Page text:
1) Method of measuring the endurance of lower limbs ; Step Test (ST) Method of exercise loading : General method of walking up and down the steps according to the standards of the Education Ministry.
    Test subjects were made to walk up and down a step of 40 cm in height for males and 35 cm in height for females, at a rate of once per 2 seconds over a period of 3 minutes. After this, the subjects are made to sit still and the pulse rate was measured 3 times as follows.
    P1: 1-1.5 minutes after the end of exercise loading
    P2 : 2-2.5 minutes after the end of exercise loading
    P3 : 3-3.5 minutes after the end of exercise loading Calculation of index :
    ST=180 (number of second for loading) / (P1+P2+P3) ×2×100
    2) Method of measuring the endurance of upper limbs ; Arm Test (AT) Method of exercise loading : floor push-ups for males
    Flexion and extension of the arms is continued for 30 times in all at a rate of once per 2 seconds over a period of 60 seconds (the command for motion is given every second when the elbow joint changes from the flexed to extended position in order to avoid rebound power.) The subjects are subsequently placed in a sitting position and the pulse rate was measured at 3 intervals as follows :
    P1 : 30-45 seconds after the end of the exercise
    P2: 1-1.25 minutes after the end of exercise
    P3: 1.5-1.75 minutes after the end of exercise Calculation of index
    AT=60 (second of loading) ×3/ (P1+P2+P3) ×4×100
    b. Method of evaluation
    General endurance= ST value+ AT value
    Ratio of endurance between upper and lower extremities = AT value/ST value.
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  • MASANOBU TOMIZAWA, HITOSHI FURUYA, SADAYOSHI TORIYAMA, TADAHIKO ONO
    1971 Volume 20 Issue 2 Pages 96-100
    Published: June 01, 1971
    Released: September 30, 2010
    JOURNALS FREE ACCESS
    The Kyudo (Japanese archery) is a most popular sport among Japanese as the Judo and Japanese fencing. Even some their athletes had complains of neck pain, joint pain and back pain, the investigations in the orthopaedic aspect were rare as compared with the Judo and Japanese fencing.
    The orthopaedical questionnaire were made to one hundred twenty-two athletes from eighteen to seventy-eight years old, average forty-three old, and the analysis by roentgenological and clinical findings were made to thirty athletes who were had severe troubles.
    The results were as follows :
    1) Because of most disorders were localized about the upper-extremity as main action were using of arm muscles, there were discovered the osteoarthritis and osteochondro-matosis of the elbow joint, periarthritis of the shoulder joint, atrophy of the deltoid and supra-infraspinatus muscles, injury of the hand and back pain.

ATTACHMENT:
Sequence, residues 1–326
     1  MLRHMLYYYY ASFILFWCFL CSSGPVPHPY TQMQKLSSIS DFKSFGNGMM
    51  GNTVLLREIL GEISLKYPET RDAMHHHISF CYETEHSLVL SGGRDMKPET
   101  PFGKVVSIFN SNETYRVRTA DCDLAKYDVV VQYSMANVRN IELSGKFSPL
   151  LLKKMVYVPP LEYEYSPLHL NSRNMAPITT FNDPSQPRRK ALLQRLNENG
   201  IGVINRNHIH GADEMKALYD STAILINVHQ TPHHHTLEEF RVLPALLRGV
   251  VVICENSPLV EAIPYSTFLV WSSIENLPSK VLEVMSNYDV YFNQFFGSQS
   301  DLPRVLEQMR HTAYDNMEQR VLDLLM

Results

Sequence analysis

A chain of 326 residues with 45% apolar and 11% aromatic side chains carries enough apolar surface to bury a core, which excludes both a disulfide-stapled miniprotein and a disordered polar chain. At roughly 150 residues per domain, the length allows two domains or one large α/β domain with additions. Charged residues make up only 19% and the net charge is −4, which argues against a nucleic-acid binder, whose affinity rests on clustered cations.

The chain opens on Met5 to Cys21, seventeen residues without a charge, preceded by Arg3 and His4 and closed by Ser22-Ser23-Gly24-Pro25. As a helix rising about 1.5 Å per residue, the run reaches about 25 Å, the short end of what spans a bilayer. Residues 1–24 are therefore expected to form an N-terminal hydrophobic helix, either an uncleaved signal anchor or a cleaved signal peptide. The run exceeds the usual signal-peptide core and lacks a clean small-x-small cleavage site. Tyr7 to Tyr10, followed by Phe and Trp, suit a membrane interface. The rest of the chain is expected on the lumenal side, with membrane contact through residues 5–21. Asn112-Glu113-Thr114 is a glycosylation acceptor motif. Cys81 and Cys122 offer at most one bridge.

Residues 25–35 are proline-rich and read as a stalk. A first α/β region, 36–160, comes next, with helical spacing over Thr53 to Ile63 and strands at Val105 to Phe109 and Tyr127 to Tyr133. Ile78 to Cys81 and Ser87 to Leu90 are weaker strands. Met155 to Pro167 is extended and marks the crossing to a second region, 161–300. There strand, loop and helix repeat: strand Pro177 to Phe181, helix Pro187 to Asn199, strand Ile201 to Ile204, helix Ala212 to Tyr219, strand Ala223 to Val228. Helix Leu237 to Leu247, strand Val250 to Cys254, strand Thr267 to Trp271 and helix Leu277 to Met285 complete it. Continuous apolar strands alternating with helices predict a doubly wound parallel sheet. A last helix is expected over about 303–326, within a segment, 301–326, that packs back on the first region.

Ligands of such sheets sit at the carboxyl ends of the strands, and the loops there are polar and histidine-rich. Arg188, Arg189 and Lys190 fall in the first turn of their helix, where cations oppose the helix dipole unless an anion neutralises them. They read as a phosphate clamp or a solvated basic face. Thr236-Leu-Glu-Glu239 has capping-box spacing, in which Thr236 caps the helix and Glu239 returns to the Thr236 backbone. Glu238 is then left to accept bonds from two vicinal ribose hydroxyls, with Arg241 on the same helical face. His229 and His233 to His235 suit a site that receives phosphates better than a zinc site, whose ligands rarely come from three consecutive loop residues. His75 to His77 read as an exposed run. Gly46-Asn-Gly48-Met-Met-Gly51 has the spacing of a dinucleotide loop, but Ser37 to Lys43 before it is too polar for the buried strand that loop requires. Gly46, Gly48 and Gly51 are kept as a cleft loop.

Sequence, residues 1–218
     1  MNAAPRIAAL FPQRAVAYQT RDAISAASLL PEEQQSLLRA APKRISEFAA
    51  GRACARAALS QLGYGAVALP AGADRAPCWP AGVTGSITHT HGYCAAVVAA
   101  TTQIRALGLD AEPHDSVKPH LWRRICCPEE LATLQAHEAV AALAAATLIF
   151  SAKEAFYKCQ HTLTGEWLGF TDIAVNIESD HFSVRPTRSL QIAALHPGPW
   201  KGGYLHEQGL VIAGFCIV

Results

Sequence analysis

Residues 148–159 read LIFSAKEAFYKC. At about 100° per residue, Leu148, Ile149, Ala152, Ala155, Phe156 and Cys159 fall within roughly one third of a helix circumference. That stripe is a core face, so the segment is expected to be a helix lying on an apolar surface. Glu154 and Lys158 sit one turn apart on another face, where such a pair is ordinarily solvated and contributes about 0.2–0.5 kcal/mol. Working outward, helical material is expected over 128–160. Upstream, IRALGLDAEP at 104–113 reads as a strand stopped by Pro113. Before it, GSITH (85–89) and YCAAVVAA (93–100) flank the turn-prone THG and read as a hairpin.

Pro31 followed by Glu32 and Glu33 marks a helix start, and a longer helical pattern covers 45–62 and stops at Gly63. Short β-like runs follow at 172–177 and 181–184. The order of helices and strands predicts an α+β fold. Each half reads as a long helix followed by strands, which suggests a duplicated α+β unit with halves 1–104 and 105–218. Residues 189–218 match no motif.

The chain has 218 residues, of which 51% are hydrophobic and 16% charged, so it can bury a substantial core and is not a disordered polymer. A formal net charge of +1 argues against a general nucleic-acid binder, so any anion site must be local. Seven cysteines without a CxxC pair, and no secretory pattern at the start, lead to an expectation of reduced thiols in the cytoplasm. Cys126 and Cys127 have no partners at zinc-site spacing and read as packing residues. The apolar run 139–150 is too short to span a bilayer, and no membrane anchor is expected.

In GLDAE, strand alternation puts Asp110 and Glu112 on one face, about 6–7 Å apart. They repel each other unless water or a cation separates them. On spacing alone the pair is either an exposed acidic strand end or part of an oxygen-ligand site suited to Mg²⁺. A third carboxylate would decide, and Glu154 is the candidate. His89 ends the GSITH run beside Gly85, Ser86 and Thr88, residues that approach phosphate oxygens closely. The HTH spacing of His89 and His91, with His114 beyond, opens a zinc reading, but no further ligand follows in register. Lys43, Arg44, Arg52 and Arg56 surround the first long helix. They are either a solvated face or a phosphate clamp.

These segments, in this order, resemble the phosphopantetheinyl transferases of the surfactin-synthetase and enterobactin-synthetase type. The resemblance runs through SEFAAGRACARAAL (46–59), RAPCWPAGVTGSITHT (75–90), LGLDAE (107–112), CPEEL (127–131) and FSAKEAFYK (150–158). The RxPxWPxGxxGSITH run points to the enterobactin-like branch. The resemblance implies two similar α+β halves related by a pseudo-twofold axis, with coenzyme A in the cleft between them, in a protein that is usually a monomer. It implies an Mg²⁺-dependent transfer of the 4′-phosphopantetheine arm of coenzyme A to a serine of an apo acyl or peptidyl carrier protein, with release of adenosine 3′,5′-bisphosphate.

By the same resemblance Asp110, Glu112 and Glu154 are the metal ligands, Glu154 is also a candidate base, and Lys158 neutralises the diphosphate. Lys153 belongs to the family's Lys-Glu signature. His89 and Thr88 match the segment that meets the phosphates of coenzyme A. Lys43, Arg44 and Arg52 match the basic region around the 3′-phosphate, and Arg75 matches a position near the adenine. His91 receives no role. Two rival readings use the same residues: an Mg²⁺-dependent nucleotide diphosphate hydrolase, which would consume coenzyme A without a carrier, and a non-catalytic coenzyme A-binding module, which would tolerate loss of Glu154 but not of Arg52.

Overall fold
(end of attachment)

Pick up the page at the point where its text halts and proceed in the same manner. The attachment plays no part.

2) To prevent these disorders, we emphasized the necessity of warming-up and other systematic exercise as usually.
    3) We had obtained the conclusion that the periodical examination was most important for early diagnosis and procedures of over ten years experienced athletes.
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  • TOSHIO TAKANO
    1971 Volume 20 Issue 2 Pages 101-117
    Published: June 01, 1971
    Released: September 30, 2010
    JOURNALS FREE ACCESS
    Luge and bobsleigh game, which are stirring but dangerous winter sports, have had only a short history in Japan and little study have been done on them from the viewpoints of sports medicine and physical fitness. It is very important and urgent for safety to elucidate the physiological effects of centrifugal acceleration upon the game players, which may be generated when the sleigh descend with high speed along a steeply curved ice course. Upon this, human G tolerance and physical fitness were tested and discussed in total of 48 Japanese subjects, including 4 females, who are candidates for the Olympic team of luge and bobsleigh game. Main results are as follows.
    1. Grayout threshold (+Gz tolerance) was determined in each subjects using human centrifuge apparatus. Averaged tolerance limits were +5.67±0.56 Gz and +5.80±0.43 Gz in luge and bobsl eigh players, respectively. All subjects showed appropriate physiological responses in blood pressure and heart rate during exposure to G.
    2. The results of anthropometric measurements and physical fitness test were thought to be reasonable as the value for trained athletes.
    3. About 30% of subjects showed a decreased or mistaken stick performance when Coriolis stimulation were given to them in mild centrifugal G field.
    4. It is thought for maintaining safety in the games that all the players should have appropriate G tolerance and physiological responses to G load and should be trained to prevent them from causing spatial disorientation by Coriolis stimulation during the game. For this, it is recommended that they should be given G load test with absolutely safety maneuver by human centrifuge.
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  • 1971 Volume 20 Issue 2 Pages 118-123
    Published: June 01, 1971
    Released: September 30, 2010
    JOURNALS FREE ACCESS